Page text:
The Centre will not hold talks with separatists in Kashmir as it aims to “first establish the primacy of the State” by quelling attempts to topple an elected state government through violence, government sources said on Thursday.
The hardening of the NDA government’s stance is based on assessment that the current unrest in the Valley is “quite different” from those in the past as it has “excessive religious dimensions” and its objective is to establish “a theocratic state”.
The government was earlier open to talks with all stakeholders , a stance reiterated on Wednesday by Union minister Jitendra Singh after a meeting of the all-party delegation that visited Jammu & Kashmir on September 4-5.
A senior government functionary said that there has been “improvement” in the situation in the Valley where 62 people -- unofficial estimates put the number at 75 -- have lost their lives in clashes between security forces and protesters since the killing of militant commander Burhan Wani on July 8.
“There is a distinction between separatists and people. As far as people are concerned, we have full compassion. But when it comes to dealing with separatists, there is no scope of the government of India blinking,” said a senior government functionary.
Hurriyat leaders are not seen as a significant player in the Valley today and they are only trying to “get in” and gain relevance when the protesting youth are “not in their control”.
Professor Noor Ahmad Baba who teaches political science at Kashmir University also said the “(current) movement is not driven by Hurriyat leaders”.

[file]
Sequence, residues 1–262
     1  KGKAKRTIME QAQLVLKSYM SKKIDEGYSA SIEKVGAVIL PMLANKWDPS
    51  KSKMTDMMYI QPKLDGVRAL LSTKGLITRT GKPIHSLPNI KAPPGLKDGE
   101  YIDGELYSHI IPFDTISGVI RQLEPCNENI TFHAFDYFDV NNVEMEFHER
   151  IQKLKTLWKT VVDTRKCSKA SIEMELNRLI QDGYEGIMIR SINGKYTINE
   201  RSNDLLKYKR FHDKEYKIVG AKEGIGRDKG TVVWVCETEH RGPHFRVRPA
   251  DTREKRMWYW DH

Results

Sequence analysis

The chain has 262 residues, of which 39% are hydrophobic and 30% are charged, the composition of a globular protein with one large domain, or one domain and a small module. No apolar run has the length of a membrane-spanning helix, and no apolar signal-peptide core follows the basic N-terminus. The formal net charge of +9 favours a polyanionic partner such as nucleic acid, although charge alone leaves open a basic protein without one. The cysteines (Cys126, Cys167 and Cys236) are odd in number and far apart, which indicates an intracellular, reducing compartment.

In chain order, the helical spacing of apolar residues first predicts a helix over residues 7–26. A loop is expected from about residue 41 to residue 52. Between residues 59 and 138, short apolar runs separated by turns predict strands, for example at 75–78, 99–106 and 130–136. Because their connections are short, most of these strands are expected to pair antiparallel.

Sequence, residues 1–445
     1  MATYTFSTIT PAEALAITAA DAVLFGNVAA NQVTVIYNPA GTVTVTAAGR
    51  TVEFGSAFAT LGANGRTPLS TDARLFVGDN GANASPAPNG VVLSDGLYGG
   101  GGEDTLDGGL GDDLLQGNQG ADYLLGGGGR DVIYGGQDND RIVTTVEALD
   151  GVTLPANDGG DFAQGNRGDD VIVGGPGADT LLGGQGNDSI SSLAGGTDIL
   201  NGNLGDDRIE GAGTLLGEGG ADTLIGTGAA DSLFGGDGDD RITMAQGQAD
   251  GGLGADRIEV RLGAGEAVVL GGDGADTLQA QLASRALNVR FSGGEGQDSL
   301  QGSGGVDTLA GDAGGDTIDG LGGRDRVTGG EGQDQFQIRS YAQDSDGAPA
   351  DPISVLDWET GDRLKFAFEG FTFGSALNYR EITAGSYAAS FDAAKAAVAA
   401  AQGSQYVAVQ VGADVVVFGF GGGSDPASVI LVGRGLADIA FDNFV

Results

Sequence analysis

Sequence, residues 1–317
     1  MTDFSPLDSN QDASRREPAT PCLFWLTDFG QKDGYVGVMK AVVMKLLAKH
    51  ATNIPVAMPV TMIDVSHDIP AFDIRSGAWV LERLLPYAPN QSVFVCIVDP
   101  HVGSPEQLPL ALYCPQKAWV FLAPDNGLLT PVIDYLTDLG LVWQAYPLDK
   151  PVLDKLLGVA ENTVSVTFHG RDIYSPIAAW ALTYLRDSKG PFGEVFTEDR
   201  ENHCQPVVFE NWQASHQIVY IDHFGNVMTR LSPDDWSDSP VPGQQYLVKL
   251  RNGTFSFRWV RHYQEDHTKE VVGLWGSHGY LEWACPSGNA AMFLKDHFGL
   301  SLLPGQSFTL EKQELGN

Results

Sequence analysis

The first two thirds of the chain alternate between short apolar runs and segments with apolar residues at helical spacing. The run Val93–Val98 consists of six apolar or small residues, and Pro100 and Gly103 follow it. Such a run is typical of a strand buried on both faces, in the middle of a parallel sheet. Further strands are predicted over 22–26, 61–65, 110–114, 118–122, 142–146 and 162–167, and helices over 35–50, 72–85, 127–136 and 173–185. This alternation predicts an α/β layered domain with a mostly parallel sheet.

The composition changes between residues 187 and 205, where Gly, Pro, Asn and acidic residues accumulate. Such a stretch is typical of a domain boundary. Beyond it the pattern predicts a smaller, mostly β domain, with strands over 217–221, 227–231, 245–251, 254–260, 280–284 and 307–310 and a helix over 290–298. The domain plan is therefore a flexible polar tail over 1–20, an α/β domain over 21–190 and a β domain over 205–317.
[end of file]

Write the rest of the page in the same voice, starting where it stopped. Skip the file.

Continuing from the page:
“It is happening spontaneously. They (separatists) have a limited area of influence,” Baba told HT.
In 2014, India called off foreign secretary-level talks with Pakistan after its high commissioner Abdul Basit “made Hurriyat leaders a stakeholder” by inviting and meeting them. Until then Hurriyat leaders would seek meetings with visiting Pakistani leaders or the high commissioner.
The NDA government is also “101 % convinced” about Pakistan’s role in the current unrest in Kashmir and chief minister Mehbooba Mufti has conveyed the same to the Centre.
But it is concerned about “radicalisation” in Kashmir that has witnessed a shift “from Sufism to Wahabism”, which is attributed to the proliferation of new religious structures in the past decade and indoctrination of the people. The Wahabi sect follows a radical interpretation of Islam.
The Centre is also learnt to be disinclined to entertain demands for full or partial withdrawal of Armed Forces (Special Powers) Act (Afspa) because the state police does not have adequate capacity to deal with terrorism.